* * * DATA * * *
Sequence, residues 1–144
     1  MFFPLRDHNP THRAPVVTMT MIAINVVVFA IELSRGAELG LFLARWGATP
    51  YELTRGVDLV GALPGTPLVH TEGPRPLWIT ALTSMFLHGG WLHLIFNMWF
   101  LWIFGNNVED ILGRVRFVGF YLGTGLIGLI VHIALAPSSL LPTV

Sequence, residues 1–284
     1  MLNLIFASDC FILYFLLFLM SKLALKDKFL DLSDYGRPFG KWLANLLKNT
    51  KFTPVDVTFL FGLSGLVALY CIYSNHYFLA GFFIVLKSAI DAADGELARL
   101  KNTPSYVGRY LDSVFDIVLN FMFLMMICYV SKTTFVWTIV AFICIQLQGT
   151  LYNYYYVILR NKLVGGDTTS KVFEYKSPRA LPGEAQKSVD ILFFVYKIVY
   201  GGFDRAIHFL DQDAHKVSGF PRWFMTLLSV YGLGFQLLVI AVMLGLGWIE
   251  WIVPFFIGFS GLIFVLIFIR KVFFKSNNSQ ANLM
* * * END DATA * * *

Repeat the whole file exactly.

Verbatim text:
Sequence, residues 1–144
     1  MFFPLRDHNP THRAPVVTMT MIAINVVVFA IELSRGAELG LFLARWGATP
    51  YELTRGVDLV GALPGTPLVH TEGPRPLWIT ALTSMFLHGG WLHLIFNMWF
   101  LWIFGNNVED ILGRVRFVGF YLGTGLIGLI VHIALAPSSL LPTV

Sequence, residues 1–284
     1  MLNLIFASDC FILYFLLFLM SKLALKDKFL DLSDYGRPFG KWLANLLKNT
    51  KFTPVDVTFL FGLSGLVALY CIYSNHYFLA GFFIVLKSAI DAADGELARL
   101  KNTPSYVGRY LDSVFDIVLN FMFLMMICYV SKTTFVWTIV AFICIQLQGT
   151  LYNYYYVILR NKLVGGDTTS KVFEYKSPRA LPGEAQKSVD ILFFVYKIVY
   201  GGFDRAIHFL DQDAHKVSGF PRWFMTLLSV YGLGFQLLVI AVMLGLGWIE
   251  WIVPFFIGFS GLIFVLIFIR KVFFKSNNSQ ANLM